By Hannah Murphy, CDAC Network Innovation Programme Adviser
‘Human- or user-centred design’ is a concept directly lifted from private sector innovation and product development that features regularly in humanitarian speak. But is the ‘user’ in aid terms really afforded a decision-making role in services? Is this concept driving a more collaborative approach to shaping humanitarian action with those in need? Or, are we seeing old ways disguised under new terms?
Technological advance and new alliances are some of the factors contributing to the creation of new spaces and networks to tackle humanitarian crises, partly driven by globally agreed commitments to shift finance and leadership to the national and local level. In some instances, this is creating more meaningful opportunities for people receiving aid to provide input, lead action and challenge providers when services fall down or miss the mark. But resistance from dominant actors to cede power is slowing down progress.
The humanitarian sector, as with other sectors, has seen a growing drive to support innovation as a means to improve and adapt to changing contexts. But innovation is a risky business, especially in disaster situations – outcomes are uncertain, space to experiment is scarce and needs are extreme, immediate.
Innovation labs set up under the UK Aid funded Disasters and Emergencies Preparedness Programme (DEPP) have built their entire approach with people affected by disaster. The labs aim to create inclusive environments to support local-level solutions. Success in working this way is measured by people‘s participation and is reliant on communication, setting up a dialogue with affected populations.
Establishing supportive spaces to tackle common challenges in disaster situations for people living in these environments presents challenges, many of which are unforeseen. DEPP Labs - Tuklas in Philippines, Mahali in Jordan, Maarifa Kona in Kenyaand Udhvabani in Bangladesh- realised early on in the process the term ‘innovation’ is largely unfamiliar to most people and has different meanings in different contexts.
Literature, tools and research about innovation processes and innovations in development and humanitarian contexts are predominantly presented in English, largely unavailable to the people who would benefit most from knowing about them. Additionally, the people DEPP Labs want to involve often have limited access to resources and opportunities to mange the challenges they face. Nevertheless, innovation is ubiquitous.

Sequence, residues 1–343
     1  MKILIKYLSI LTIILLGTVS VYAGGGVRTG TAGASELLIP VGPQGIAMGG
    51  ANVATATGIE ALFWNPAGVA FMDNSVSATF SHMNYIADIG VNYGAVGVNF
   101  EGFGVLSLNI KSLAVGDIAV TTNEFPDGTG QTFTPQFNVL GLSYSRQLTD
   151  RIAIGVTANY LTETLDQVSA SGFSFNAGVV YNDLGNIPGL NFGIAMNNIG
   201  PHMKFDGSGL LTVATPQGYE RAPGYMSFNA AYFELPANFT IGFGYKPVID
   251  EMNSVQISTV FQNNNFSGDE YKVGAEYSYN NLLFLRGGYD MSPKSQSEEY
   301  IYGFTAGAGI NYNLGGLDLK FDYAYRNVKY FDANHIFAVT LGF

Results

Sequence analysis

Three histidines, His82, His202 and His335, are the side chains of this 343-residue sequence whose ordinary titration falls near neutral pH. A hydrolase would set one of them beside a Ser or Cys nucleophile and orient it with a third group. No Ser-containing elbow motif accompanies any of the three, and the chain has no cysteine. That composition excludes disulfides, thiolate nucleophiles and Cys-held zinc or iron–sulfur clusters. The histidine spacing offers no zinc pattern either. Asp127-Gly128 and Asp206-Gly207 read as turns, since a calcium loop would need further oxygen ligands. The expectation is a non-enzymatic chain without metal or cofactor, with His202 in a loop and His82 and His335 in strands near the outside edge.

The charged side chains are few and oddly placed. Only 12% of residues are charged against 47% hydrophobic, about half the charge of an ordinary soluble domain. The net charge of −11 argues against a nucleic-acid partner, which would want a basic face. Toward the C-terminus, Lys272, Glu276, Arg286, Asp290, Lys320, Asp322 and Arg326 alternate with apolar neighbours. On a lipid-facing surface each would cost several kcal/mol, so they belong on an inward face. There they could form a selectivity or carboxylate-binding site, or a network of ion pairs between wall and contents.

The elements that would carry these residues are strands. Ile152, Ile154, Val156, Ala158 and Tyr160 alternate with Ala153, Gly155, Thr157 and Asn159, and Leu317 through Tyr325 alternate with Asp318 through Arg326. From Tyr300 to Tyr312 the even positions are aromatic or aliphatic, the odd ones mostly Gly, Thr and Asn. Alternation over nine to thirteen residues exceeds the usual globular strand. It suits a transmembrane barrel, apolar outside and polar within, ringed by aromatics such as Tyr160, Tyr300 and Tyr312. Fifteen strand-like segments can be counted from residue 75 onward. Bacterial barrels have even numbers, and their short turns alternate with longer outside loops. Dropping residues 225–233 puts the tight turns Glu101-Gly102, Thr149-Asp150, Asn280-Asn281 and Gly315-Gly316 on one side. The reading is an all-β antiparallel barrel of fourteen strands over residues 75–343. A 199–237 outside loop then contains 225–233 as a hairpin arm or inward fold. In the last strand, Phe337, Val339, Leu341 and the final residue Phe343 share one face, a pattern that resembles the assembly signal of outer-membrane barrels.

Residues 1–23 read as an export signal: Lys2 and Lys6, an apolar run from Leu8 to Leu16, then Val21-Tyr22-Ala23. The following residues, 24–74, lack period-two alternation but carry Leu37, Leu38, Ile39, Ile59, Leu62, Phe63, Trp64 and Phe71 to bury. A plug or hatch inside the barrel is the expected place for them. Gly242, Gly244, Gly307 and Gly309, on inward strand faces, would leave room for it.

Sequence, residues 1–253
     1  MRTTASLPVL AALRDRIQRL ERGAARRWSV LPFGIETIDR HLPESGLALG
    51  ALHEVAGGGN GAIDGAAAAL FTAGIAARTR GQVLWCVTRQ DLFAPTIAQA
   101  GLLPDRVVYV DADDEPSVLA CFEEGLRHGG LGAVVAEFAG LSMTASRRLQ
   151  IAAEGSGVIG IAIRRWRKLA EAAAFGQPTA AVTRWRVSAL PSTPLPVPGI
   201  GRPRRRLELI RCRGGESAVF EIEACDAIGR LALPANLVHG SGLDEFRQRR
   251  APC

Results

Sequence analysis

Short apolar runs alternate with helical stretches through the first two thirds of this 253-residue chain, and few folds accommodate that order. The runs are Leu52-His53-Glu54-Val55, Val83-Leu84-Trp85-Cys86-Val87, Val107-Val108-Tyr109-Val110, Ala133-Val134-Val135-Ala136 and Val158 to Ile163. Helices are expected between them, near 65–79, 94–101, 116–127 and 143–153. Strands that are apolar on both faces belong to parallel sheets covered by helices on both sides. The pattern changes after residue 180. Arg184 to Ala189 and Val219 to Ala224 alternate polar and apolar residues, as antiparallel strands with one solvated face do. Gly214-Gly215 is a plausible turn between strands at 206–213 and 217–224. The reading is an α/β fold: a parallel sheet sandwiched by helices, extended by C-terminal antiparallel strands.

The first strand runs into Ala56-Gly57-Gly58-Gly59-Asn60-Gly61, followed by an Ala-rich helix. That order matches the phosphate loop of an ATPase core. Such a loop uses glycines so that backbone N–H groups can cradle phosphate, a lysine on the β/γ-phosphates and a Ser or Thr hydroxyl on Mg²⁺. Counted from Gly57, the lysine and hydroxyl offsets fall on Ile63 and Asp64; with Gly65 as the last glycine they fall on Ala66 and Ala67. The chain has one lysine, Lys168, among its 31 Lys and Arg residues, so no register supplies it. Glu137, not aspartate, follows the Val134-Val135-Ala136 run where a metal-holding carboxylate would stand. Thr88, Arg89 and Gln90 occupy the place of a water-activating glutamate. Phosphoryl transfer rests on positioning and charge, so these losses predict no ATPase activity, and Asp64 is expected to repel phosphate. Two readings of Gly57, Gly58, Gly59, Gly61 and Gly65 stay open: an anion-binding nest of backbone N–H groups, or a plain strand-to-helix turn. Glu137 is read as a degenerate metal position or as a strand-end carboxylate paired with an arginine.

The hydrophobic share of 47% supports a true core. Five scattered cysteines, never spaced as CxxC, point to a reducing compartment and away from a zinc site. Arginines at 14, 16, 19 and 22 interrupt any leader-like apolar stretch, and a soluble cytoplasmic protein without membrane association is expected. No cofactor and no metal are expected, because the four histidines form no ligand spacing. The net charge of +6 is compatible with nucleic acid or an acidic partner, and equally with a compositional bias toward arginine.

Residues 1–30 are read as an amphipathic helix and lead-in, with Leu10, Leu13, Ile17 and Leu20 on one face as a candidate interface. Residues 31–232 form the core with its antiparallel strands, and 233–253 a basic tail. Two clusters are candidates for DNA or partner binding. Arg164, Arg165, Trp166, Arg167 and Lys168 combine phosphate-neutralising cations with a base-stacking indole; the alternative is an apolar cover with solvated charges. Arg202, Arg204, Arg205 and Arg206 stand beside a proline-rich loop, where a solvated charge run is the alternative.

After identifying common challenges with different communities, the teams issued a call for ideas with the intention of opening up funding opportunities for people to bring forward proposals. They found creative ways to increase participation. They translated resources, began different conversations and embarked on a new way of working with people receiving humanitarian assistance.
Maarifa Kona produced radio call-in shows in multiple languages announcing the opportunity and explaining how people could get involved. Tuklas provided regional ‘writeshops’ – proposal-writing workshops across the country for people with varying literacy levels. Mahali created a series of cartoons explaining the concept of innovation, and Udhvabani provided equipped office space in Korail, an informal settlement area of Dhaka, for people to develop their ideas and seek support during the application process.
People who came into contact with the labs questioned the benefits this experimental process would bring. Teams made efforts to explain the approach to tackle commonly agreed challenges locally and collectively. They presented a different proposition: a relationship built on partnership rather than transaction, and one that offered a different form of support.
The DEPP labs’ approach has raised many questions about the appropriateness of innovating and experimenting in high-risk, high need environments. Indeed, each lab and its constituents contend with ongoing or emergent crises: political violence and drought in northeast Kenya; typhoons and landslides in the Philippines; flooding, cyclones and the Rohingya crisis in Bangladesh; and the situation for Syrian refugees in Jordan.
The impact and benefit of the innovations supported by the labs will emerge in the process as well as the product. Innovators are growing their solutions with input from potential end users and lab teams are looking to the future of the labs. What is striking, however, is the feedback from lab staff, innovators and participants that this is a new approach to aid: people affected by the challenges shape processes and outcomes.
For decades, humanitarian actors have designed services according to need, evolving assessment processes to be more inclusive, participatory and responsive. The DEPP labs’ approach is a departure from the traditional model. It requires a shift in mindset by the ‘service provider’ or ‘innovator’ and ‘service user’ or ‘client’ to accept the starting point is not the relief item but the space to co-create the solution.
A woman from Garissa, northeast Kenya, who took part in an ‘ideas selection panel’, another of the labs’ byproduct innovations, captured the importance of this change:
“This is the first time they [aid orgnanisations] have asked me what I think.”